How We Roll
When we take your DUI (driving under the influence of alcohol or drug) or violent or white collar criminal case at Gullberg, Box & Worby LLC, we immediately start preparing for trial. Being prepared for trial, and the opposing attorney knowing we are prepared for trial, is what drives a favorable resolution of your case. This means we get all video and written evidence which the State and the police have, visit the place where the alleged DUI or criminal incident happened, get photos and/or video if necessary, speak with any witnesses, and subpoena witnesses for trial if they will be favorable or have made statements tending to exonerate you. In DUI trials we dig into the type of breath test device used and will be prepared to explain to the jury the vagaries and inaccuracies of the device and how it has been tested and used. In white collar crime cases, when we represent the injured investors, we move quickly to prevent the dissipation of assets. When we represent the defendant, we challenge any attempt to preclude the defendant’s use of assets to defend himself and search for violation of constitutional and other rights which may exclude evidence. By the time all of this is done, and several members of the firm meet and analyze the trial and the evidence, we will be ready for trial – ready to present evidence and cross-examine the State’s evidence to present your case in the best possible light. We will highlight points for the judge or jury to understand that there really is reasonable doubt that you were DUI or committed the alleged crime.
We use these motions to challenge whether there was probable cause for your arrest in the first place. If we win that motion, your case is over. Other motions are used to exclude evidence which is unduly prejudicial or gathered by the police in violation of your Constitutional rights – including searches without warrant or incriminating questions and answers without notifying you of your right to remain silent. In DUI cases, issues which may be presented include whether the stop of your vehicle was valid, whether the office performed field sobriety tests according to NHTSA (National Highway Traffic Safety Administration) protocol, whether the officer properly explained, demonstrated, and scored the tests, and whether the officer embellished his observations which he claims show that you were intoxicated. By the time the pre-trial motions are completed, the chances are good that your case can either be favorably resolved or be well presented to the judge or jury.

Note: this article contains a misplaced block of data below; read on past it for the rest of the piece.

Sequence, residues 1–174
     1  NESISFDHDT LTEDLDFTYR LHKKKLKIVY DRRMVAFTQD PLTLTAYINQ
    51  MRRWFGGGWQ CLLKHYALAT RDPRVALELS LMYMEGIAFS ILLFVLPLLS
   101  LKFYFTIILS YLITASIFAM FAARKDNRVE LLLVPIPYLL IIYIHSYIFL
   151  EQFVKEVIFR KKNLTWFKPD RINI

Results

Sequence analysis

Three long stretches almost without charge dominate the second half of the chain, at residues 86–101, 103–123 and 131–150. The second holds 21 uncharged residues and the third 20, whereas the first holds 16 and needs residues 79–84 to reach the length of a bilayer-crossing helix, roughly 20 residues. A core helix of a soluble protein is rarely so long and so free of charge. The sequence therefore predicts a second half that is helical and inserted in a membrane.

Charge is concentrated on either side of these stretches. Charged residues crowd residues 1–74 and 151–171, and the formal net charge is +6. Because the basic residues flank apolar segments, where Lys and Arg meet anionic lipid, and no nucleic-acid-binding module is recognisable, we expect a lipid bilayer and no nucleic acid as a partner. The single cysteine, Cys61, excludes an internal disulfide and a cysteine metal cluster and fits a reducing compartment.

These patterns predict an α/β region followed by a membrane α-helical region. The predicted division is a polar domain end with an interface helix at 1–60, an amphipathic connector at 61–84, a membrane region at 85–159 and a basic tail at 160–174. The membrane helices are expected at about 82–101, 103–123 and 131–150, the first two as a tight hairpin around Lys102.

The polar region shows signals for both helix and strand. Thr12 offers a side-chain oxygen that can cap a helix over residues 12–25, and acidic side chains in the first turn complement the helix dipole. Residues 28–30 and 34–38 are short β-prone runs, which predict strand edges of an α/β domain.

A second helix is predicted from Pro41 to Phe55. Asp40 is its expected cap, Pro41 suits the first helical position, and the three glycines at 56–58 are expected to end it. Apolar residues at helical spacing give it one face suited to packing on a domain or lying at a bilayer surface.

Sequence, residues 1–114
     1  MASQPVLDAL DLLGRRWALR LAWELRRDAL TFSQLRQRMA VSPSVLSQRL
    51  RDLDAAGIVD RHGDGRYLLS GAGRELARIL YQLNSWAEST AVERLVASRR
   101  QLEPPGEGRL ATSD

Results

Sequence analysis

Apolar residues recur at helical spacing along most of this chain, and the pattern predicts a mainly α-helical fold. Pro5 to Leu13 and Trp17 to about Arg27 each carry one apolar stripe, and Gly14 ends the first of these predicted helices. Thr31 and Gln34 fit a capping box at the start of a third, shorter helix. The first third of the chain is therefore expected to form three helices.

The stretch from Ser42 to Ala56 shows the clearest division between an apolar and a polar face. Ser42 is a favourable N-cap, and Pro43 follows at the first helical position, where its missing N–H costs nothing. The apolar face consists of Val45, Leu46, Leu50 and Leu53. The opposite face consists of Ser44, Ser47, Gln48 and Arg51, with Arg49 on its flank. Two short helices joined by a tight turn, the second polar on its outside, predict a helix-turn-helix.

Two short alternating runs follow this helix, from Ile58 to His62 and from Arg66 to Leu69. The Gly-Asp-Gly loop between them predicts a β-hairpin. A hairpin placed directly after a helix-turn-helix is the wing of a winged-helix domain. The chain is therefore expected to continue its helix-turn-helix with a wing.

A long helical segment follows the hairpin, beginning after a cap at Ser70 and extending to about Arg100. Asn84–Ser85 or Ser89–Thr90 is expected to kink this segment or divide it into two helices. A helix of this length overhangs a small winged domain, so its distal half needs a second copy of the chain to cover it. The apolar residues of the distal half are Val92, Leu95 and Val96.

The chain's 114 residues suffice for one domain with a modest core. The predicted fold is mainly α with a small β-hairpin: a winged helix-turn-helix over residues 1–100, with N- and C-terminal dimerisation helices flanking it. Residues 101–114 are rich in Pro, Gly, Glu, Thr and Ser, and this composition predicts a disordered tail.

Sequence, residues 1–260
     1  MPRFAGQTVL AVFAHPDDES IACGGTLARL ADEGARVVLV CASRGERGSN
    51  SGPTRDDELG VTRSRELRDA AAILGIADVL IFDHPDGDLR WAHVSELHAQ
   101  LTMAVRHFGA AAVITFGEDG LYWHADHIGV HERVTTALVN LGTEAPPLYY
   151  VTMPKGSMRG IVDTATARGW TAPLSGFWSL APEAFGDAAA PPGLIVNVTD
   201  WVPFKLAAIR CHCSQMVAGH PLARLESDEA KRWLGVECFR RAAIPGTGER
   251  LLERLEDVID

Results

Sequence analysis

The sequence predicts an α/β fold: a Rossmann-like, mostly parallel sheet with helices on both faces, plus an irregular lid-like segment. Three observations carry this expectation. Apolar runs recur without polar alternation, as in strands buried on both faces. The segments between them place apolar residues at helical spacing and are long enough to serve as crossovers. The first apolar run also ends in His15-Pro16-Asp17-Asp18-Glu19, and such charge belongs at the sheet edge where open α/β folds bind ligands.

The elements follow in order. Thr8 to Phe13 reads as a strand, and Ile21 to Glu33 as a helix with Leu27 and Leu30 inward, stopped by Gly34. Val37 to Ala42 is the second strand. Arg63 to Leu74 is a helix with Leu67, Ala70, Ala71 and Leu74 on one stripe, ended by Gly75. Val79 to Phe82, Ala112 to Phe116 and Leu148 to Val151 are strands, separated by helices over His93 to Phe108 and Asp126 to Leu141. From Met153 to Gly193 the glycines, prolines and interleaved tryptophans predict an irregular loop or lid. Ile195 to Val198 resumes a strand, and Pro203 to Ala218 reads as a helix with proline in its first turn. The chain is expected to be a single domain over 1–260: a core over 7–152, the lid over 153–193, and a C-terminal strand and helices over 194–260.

Judge or Jury?
A trial by a judge is called a “bench” trial. A trial by a jury is obviously called a jury trial. We spend a lot of time in court, and we get to know whether we believe a judge will be fair and whether pre-trial motions are carefully considered. If a judge scores high on our fairness meter, we probably will suggest to you that go for a bench trial. If not, we will attempt to tailor the jury for the best possible panel to judge the facts in your case. We do this by the use of peremptory challenges (we get 5 in misdemeanor cases and 7 in felony cases). A peremptory challenge allows us to dismiss a potential juror for any reason or no reason. We can also use an unlimited number of challenges for cause if there is a reason which the juror cannot be fair in judging the facts in your case.
In addition to DUI and criminal cases generally, our attorneys have handled investment fraud and white collar crime including RICO cases on behalf of investors and defendants. Our business background gives us insight into evidence which is important to bring into trial or try to exclude, and how liability may be shifted or shared for the benefit and protection of our clients.
Our trial philosophy ensures that you receive the best possible representation. If you need help with your DUI or criminal case, please contact us for a free consultation.